Talk given by Gaute Einevoll, Norwegian University of Life Sciences.
Given to the Redwood Center for Theoretical Neuroscience at UC Berkeley on March 3, 2010.
Abstract. Mathematical modelling endeavours rely on experimental data to make progress, both to constrain and to test the models. For cortical neural network models the dominant experimental method in vivo has so far been single-unit extracellular recordings: when a sharp electrode is placed sufficiently close to the soma of a particular neuron, the recorded potential reliably measures the firing of individual action potentials in this neuron. This information is contained in the high-frequency part of the recorded potentials. The low-frequency part, that is, the local field potentials (LFP), has proved much more difficult to interpret and has typically been discarded.
Other experimental methods, particularly methods that measure population-level activity in vivo, are needed to facilitate development of biologically relevant cortical network models. Large-scale electrical recordings using various types of multielectrodes, i.e., electrodes with many contacts, are one such option. As techniques for such recordings are rapidly improving, there is a need for new methods for extraction of relevant information from such data.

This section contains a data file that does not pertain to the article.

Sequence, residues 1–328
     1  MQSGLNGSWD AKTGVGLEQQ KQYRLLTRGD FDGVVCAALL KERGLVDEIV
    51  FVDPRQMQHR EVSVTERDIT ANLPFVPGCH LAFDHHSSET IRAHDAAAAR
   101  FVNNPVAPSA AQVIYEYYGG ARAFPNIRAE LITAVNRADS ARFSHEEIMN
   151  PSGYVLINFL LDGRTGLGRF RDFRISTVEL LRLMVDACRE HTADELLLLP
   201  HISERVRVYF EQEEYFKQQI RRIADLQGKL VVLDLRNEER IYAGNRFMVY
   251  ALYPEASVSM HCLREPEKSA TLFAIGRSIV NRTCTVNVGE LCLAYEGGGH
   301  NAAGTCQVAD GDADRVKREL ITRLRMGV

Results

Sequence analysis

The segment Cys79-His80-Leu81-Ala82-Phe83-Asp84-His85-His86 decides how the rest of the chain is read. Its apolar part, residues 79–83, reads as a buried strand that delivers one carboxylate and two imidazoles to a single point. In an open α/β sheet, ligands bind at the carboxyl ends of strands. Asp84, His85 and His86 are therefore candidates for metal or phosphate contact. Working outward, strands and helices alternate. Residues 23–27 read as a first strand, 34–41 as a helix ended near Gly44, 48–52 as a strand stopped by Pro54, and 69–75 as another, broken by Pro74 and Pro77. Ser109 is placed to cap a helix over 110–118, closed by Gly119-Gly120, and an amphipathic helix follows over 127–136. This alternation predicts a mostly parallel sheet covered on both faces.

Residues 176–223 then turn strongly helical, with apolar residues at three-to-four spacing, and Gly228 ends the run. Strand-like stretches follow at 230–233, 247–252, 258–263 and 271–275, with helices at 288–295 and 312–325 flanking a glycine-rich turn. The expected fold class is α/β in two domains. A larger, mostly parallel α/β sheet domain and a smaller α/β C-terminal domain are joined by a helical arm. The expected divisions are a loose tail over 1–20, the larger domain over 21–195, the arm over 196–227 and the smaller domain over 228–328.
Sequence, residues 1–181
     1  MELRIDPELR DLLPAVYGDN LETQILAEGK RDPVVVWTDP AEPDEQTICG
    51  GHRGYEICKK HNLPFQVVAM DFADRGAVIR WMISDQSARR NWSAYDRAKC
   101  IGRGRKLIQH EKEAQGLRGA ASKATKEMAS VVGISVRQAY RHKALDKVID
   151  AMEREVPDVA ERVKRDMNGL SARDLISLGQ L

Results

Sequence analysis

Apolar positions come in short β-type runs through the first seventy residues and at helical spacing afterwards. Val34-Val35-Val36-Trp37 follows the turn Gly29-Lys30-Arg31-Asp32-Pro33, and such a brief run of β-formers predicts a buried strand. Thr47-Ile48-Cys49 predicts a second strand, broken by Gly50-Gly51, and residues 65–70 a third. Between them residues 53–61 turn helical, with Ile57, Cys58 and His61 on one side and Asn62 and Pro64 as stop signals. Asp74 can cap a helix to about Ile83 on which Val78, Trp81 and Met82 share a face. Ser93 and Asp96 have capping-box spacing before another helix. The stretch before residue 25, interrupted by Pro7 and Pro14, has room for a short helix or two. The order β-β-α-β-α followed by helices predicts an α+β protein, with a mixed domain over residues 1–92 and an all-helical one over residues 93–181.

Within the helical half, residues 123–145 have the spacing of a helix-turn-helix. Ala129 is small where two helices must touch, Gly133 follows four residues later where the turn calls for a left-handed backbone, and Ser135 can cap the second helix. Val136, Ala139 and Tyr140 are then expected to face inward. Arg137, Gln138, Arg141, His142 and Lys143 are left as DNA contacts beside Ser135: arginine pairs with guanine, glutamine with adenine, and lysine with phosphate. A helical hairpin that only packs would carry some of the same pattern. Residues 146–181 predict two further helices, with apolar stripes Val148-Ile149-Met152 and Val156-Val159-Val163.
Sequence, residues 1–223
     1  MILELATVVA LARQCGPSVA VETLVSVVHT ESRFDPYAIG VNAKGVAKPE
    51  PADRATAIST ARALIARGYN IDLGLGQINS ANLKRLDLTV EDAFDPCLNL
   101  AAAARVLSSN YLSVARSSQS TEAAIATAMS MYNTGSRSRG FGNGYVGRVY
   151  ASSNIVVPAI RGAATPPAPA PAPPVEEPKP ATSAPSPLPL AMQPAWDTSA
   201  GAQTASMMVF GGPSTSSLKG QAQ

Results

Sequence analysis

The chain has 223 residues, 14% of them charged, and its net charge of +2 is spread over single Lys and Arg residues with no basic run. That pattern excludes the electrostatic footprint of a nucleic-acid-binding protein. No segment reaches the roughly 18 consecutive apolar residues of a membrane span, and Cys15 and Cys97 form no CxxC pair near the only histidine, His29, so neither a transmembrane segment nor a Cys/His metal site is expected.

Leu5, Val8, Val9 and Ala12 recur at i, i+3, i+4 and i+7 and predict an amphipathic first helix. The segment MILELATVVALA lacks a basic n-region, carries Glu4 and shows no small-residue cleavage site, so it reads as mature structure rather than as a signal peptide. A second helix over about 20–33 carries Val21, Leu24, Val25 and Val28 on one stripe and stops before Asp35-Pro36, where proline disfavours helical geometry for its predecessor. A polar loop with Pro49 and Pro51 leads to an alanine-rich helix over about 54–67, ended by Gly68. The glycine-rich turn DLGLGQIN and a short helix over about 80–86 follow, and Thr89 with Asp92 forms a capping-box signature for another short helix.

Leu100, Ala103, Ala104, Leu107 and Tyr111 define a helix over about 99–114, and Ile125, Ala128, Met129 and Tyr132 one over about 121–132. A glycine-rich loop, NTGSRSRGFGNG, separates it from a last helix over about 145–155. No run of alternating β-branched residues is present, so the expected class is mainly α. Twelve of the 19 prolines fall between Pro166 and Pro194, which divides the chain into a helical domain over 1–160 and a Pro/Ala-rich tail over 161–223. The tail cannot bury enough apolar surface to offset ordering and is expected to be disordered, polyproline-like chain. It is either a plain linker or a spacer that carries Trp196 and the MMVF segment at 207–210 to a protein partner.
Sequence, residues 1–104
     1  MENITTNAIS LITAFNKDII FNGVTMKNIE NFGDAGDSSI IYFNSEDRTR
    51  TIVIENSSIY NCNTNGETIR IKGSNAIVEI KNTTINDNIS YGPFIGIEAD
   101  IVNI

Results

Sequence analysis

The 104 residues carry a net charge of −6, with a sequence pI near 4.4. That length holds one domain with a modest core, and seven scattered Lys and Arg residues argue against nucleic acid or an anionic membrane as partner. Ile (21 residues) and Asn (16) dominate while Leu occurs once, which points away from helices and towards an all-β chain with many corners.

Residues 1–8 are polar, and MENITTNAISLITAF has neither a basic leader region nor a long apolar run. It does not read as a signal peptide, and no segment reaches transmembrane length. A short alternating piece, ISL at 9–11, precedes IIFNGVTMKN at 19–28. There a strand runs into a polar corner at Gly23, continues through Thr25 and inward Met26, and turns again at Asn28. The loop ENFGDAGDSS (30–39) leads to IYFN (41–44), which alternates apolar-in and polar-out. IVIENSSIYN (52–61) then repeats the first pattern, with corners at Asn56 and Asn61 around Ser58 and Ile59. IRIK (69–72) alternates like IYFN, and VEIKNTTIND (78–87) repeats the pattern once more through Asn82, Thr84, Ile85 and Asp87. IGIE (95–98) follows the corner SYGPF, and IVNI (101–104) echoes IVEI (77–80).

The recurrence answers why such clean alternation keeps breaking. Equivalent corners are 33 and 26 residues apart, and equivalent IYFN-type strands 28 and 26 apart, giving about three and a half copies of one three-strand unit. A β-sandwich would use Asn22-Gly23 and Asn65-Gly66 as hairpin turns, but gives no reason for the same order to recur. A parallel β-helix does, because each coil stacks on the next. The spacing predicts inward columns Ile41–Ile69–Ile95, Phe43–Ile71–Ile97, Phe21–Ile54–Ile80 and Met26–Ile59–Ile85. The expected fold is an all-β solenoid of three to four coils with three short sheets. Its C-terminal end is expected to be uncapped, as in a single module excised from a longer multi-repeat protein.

Extracellular potentials in the brain are in general due to complicated weighted sums of contributions from transmembrane currents, and the potentials can be calculated by a combination of compartmental modelling providing the transmembrane currents following neural activity and electrostatic forward modelling using the quasistatic version of Maxwell’s equations. In the seminar, results from several projects aimed at elucidating the link between recorded extracellular potentials and the underlying neural activity, as well as extraction of neural network dynamics directly from multielectrode recordings, will be presented:
(1) investigation of how neural morphology and electrical parameters affect the shape and size of extracellular action potentials; (2) investigation of how the LFP generated by neurons in a population depend on synaptic activity, neuronal morphologies and frequency content; (3) introduction of laminar population analysis (LPA) where stimulus-evoked laminar-electrode data from rat barrel cortex are analysed in a scheme where the MUA and LFP are jointly modelled using physiological constraints; (4) extraction of thalamocortical and intracortical network models based on laminar-electrode data from barrel cortex and simultaneous recording of thalamic firing activity recorded in the homologous barreloid.